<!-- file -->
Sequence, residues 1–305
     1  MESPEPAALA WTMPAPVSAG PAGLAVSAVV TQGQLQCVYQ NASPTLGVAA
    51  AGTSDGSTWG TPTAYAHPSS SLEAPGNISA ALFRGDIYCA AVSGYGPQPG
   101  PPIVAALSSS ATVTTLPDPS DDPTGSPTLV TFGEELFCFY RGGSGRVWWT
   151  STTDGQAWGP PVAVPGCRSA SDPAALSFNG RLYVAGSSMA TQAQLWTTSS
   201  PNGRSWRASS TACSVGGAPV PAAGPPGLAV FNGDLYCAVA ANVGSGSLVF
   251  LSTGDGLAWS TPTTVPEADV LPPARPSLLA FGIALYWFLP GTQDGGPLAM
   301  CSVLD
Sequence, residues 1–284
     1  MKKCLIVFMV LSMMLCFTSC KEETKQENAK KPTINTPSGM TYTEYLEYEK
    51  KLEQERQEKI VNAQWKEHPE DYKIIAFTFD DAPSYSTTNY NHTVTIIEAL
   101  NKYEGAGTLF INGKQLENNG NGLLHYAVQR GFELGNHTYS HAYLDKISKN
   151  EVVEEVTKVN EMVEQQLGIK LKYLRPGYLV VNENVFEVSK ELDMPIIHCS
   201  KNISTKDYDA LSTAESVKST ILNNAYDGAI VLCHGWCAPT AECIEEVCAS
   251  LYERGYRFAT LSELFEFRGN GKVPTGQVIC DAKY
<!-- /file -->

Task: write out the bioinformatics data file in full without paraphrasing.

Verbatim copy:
Sequence, residues 1–305
     1  MESPEPAALA WTMPAPVSAG PAGLAVSAVV TQGQLQCVYQ NASPTLGVAA
    51  AGTSDGSTWG TPTAYAHPSS SLEAPGNISA ALFRGDIYCA AVSGYGPQPG
   101  PPIVAALSSS ATVTTLPDPS DDPTGSPTLV TFGEELFCFY RGGSGRVWWT
   151  STTDGQAWGP PVAVPGCRSA SDPAALSFNG RLYVAGSSMA TQAQLWTTSS
   201  PNGRSWRASS TACSVGGAPV PAAGPPGLAV FNGDLYCAVA ANVGSGSLVF
   251  LSTGDGLAWS TPTTVPEADV LPPARPSLLA FGIALYWFLP GTQDGGPLAM
   301  CSVLD
Sequence, residues 1–284
     1  MKKCLIVFMV LSMMLCFTSC KEETKQENAK KPTINTPSGM TYTEYLEYEK
    51  KLEQERQEKI VNAQWKEHPE DYKIIAFTFD DAPSYSTTNY NHTVTIIEAL
   101  NKYEGAGTLF INGKQLENNG NGLLHYAVQR GFELGNHTYS HAYLDKISKN
   151  EVVEEVTKVN EMVEQQLGIK LKYLRPGYLV VNENVFEVSK ELDMPIIHCS
   201  KNISTKDYDA LSTAESVKST ILNNAYDGAI VLCHGWCAPT AECIEEVCAS
   251  LYERGYRFAT LSELFEFRGN GKVPTGQVIC DAKY